I spent nearly a year and a half in Colorado Springs, Colorado in the Infantry. Then I spent three months in Louisiana on maneuvers and three more in California. I went from there on a troop train to Baltimore, Maryland. We shipped out of New York and went on a liberty ship. It took three weeks to get to South Hampton, England. We went in a convoy and the convoy would zig zag to keep from getting hit by submarines. I was in England when the first day of the invasion started June 6.  It was three or four weeks before we landed on Omaha Beach in the middle of the night. There was not any shooting but it was a mess and it was clear that there had been a terrible battle. We then walked  three or  four miles to  St. Lo. From then on we were in combat.


       I dug my foxhole in the graveyard beside an old toilet. The next morning we went about a mile and we were hid behind a hedgerow. The platoon Sergeant told me that I was 2nd scout and an older man by the name of Mike was 1st scout. I was looking over the hedgerow and there was a clearing going for about a ľ of a mile and then there was a kind of creek. I could see some people walking around down there.
Mike started walking that way and I let him get out about 200 feet then I started. I got about 50 feet and bullets started flying all around us. I hit the ground and lay there. I heard Mike run by me and I jumped up and ran back also. When I got back behind the hedge row Mike had a bullet hole all the way through his helmet and he was going to pieces and shaking all over. So the Sergeant said Reynolds you are now 1st scout. I told Sarg ďno wayĒ, but that did not help.
      I took off along the side of the hedgerow instead of going over it. I went about 600 yards and came to a sunken road. I went down it for about ľ of a mile and there was a clearing with some high ground or a hill. It was Hill 122, which was our objective. It had a pillbox and they were firing machine guns. We got to it and threw some grenades in it and one of our men had a flamethrower.  He used it on them. We lost several people in this fight. We went into St. Lo fighting. At one time we were about 1,000 feet from Notre Dame Church. It had been bombed and artillery so much the only thing left was the church cross. In fact the whole town was nearly flat.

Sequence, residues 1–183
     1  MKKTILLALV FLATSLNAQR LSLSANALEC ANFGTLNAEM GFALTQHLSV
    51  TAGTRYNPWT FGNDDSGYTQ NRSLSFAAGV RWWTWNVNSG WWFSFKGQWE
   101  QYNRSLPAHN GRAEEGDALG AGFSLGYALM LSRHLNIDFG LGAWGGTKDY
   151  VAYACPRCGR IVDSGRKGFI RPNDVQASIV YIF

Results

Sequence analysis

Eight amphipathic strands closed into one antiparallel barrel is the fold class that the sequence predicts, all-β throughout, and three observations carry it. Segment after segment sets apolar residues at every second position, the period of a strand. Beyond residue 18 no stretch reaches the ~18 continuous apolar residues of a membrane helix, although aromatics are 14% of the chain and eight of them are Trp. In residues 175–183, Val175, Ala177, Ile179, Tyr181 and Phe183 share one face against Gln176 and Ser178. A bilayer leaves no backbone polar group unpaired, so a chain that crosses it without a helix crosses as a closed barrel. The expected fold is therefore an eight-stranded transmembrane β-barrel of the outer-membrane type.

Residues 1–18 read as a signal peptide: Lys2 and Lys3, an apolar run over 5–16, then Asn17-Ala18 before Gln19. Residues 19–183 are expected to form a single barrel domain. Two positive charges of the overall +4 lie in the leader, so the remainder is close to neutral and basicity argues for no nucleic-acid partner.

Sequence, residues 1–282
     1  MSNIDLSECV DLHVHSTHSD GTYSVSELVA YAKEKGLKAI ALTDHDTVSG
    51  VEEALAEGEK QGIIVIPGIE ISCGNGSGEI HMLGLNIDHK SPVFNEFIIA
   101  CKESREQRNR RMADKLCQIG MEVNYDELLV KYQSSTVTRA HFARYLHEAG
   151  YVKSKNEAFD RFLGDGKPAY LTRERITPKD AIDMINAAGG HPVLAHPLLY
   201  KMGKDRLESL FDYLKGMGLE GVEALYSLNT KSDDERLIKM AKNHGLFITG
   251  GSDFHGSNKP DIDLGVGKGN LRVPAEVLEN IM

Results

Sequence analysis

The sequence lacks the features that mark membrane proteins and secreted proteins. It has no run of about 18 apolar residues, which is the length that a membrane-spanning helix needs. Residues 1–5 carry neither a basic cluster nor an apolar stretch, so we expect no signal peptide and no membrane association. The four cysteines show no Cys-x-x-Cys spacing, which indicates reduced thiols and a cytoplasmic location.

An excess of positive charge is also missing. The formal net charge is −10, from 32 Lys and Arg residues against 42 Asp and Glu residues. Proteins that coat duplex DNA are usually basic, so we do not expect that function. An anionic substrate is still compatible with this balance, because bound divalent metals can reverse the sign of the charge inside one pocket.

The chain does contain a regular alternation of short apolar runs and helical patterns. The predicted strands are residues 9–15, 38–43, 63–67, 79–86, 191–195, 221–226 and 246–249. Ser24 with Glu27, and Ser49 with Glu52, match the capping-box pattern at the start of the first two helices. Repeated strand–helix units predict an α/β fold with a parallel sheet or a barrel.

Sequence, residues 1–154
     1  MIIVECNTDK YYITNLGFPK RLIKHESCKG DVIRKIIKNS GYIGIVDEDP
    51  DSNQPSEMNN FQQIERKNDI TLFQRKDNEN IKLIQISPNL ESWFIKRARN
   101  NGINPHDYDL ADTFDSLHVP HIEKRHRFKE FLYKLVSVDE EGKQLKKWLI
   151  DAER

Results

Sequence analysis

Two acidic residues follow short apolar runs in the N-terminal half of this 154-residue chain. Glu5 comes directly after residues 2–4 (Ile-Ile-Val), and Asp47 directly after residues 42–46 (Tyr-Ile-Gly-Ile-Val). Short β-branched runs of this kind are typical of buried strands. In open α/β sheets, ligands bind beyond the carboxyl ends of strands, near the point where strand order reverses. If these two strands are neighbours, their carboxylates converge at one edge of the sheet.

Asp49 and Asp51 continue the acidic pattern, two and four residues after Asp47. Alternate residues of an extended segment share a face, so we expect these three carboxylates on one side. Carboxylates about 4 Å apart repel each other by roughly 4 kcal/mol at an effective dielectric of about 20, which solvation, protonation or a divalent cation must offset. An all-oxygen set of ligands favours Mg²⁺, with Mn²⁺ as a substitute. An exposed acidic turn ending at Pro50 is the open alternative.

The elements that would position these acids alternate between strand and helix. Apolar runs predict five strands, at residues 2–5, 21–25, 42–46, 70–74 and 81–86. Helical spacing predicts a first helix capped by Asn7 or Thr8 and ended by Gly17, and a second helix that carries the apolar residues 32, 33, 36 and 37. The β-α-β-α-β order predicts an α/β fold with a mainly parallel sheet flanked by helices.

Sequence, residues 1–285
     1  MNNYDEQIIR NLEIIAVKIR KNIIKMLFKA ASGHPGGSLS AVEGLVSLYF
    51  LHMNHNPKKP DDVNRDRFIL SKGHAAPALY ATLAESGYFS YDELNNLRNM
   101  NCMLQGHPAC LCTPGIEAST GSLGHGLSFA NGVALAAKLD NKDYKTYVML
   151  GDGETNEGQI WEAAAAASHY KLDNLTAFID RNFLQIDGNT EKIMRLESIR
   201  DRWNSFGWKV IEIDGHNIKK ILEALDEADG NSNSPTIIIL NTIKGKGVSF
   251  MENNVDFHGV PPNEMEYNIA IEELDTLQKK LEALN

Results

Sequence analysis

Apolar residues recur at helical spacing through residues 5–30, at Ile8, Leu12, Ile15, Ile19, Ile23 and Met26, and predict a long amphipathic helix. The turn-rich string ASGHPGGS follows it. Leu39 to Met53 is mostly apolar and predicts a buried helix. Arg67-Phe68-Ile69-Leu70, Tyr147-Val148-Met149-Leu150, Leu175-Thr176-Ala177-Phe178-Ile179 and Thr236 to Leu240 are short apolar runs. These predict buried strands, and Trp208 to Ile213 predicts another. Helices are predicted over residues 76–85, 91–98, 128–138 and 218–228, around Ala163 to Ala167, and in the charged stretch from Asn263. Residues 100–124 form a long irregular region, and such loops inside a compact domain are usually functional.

At one time we were cut off for 3 or 4 days in a peach orchard. We ate peaches nearly all this time because they could not bring us food. I still donít care too much for peaches.
    I was wounded but patched up and sent back in.  It had been nearly 11 months since we came ashore in Normandy. We had slept in foxholes in all kinds of weather. Sometimes it was hot in summertime and sometimes it was very cold. Sometimes the snow was at least a foot deep.
     Nearly every day during all this time, we were shot at by artillery or bombed by aircraft. A lot of the boys went crazy. I donít know how we all kept from going nuts. I know that nearly everyone that I have talked to even now after 55 years still has nightmares.
     Finally we got orders to go home. We got on the Queen Mary on September 5th and we arrived in New York on September 10, 1945. The Statue of Liberty was about the prettiest thing I believe I had ever seen. I was so glad to be back to the U.S.

    This is from some of the writings that my father made upon request from his grandchildren so that they would know more about the things that their "Papa" went through during the War. He saw combat in France, Germany, Holland, Belgium and Luxemburg.  Five Campaigns in all." Normandy, Northern France, Rhineland, Ardennes, Central Europe". He received numerous medals including EAME Campaign Medal, Good Conduct Medal, Purple Heart, Combat Infantry Badge and five Bronze stars. He was also one of eight Eastland county soldiers who received the Jubilee of Liberty Medal from the People of France on August 27, 1997 in honor of the 50th Anniversary of the Normandy Invasion, which he was very proud to receive.  He died January 6, 2002.          Sandra Reynolds Hill   11/14/03